Dyson traveled a lonely path, confronting armies of executives. “I cannot overstate the soul-destroying drudgery of sitting in a boardroom with all these specialists, each with his own little area in which to attack you.”
After a deal with Amway collapsed, Dyson decided he’d manufacture the machine himself. He tested it to destruction, throwing it down iron staircases onto marble floors. By January 1993, his machines were ready for the consumer. Now all he had to do was sell them.
Predictably, big stores were nervous about the vacuum’s high-tech design. But consumers liked the bright-yellow plastic and the machine’s power. A bonus for allergy sufferers: It filtered the household air as it sucked up dirt. By 2005, Dyson dominated both the European and American markets.
Dyson insists he’s not a businessman. His obsession has, however, made him rich. The company’s revenue was nearly $1 billion last year. He and his artist wife, Deirdre, married happily for 40 years, live in a $35 million 18th-century mansion.
Even so, Dyson is just as driven today as when he made his cardboard prototype. “It is the fear of failure that makes me keep working at success,” he says. “Having an idea for doing something better and making it happen-even though it appears impossible—those are still my dreams.”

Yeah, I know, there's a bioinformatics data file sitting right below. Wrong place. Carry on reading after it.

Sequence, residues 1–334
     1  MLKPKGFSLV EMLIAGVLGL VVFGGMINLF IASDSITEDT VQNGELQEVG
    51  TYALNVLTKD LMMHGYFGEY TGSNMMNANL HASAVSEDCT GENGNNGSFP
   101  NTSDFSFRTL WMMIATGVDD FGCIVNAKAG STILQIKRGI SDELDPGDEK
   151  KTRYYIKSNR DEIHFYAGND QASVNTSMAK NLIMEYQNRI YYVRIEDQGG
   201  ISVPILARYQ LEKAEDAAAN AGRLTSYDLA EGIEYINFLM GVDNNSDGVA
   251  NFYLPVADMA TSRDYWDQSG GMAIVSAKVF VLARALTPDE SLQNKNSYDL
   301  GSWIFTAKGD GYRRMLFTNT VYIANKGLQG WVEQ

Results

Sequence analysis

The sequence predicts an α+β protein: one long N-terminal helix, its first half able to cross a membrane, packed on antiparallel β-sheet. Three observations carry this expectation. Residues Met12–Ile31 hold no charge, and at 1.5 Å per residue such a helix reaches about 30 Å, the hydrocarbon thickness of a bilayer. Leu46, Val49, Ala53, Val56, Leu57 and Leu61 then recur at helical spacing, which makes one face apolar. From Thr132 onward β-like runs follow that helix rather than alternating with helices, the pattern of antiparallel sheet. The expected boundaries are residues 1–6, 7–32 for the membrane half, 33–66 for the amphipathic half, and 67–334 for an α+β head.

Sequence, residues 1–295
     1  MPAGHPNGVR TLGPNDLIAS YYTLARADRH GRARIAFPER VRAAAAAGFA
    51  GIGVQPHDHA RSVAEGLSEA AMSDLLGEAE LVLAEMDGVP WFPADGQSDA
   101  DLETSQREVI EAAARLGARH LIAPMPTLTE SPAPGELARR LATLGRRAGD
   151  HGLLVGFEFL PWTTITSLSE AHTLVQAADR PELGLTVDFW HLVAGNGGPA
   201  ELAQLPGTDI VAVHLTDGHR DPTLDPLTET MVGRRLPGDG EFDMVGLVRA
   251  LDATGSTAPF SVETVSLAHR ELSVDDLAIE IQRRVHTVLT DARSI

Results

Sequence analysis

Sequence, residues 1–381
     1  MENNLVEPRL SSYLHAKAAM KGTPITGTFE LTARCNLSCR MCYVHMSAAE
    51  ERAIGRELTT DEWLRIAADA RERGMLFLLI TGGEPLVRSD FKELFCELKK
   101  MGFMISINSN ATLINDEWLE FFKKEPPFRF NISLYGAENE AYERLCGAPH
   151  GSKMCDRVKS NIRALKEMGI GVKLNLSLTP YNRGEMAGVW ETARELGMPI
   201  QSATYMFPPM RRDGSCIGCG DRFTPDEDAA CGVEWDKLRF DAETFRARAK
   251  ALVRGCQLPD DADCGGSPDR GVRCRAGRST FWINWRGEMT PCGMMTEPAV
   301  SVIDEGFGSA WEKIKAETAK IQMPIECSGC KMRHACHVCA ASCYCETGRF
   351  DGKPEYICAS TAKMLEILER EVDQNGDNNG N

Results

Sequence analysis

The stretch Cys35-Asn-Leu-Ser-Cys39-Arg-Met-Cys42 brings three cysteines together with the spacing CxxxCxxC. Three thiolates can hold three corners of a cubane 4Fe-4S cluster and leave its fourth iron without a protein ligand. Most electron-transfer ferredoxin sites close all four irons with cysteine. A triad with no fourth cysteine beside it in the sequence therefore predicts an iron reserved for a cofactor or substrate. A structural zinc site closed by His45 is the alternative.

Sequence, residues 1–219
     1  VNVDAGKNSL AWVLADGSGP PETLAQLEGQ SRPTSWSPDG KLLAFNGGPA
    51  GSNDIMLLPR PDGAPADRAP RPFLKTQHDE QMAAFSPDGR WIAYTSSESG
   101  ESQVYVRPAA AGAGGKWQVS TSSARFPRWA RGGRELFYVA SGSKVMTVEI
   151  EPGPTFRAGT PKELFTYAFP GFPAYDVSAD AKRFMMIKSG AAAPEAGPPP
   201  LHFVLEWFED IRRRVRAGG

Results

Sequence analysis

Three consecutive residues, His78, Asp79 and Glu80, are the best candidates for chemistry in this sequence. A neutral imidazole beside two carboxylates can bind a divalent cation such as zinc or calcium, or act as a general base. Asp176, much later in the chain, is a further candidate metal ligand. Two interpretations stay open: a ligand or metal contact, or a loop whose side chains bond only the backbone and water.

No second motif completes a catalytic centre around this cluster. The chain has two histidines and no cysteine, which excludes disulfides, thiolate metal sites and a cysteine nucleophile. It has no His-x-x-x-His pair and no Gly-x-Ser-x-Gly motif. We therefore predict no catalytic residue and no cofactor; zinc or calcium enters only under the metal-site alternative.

Getting Ahead with James Dyson
Q: You say fear of failure is your main driver. How can you be creative?
A: The fear of going bankrupt is a good motivator. It keeps the adrenaline running. I like living on the edge. Hope is really important too.
Q: What kept you going all those years—faith or madness?
A: Probably both. I had always assumed people succeeded only if they had the best of everything: the best idea, the best connections. But then I met Jeremy Fry, a British entrepreneur. If he thought it was a good idea, he pursued it. He didn’t worry about what people thought. If that is what blind faith is, that is good.
Q: You’ve said that in business, entrepreneurs will be wrong 50 percent of the time. Is there any way to improve that percentage?
A: No. And it would be boring if you could. The whole thing is unpredictable, different from day to day. It is so important not to be put off by the fact that there are others who know more and who are more experienced. Experience doesn’t really count for anything, because every day is day one. Which is why it’s fun.
Q: Can anyone do what you did?
A: Everyone has ideas. They may be too busy or lack the confidence or technical ability to carry them out. But I want to carry them out. It is a matter of getting up and doing it.
Q: Do you ever get away from work?
A: I’m still a keen long-distance runner, having started in college. I spend as much time as I can with my three young grandchildren, and I still think one day I’ll master the bassoon.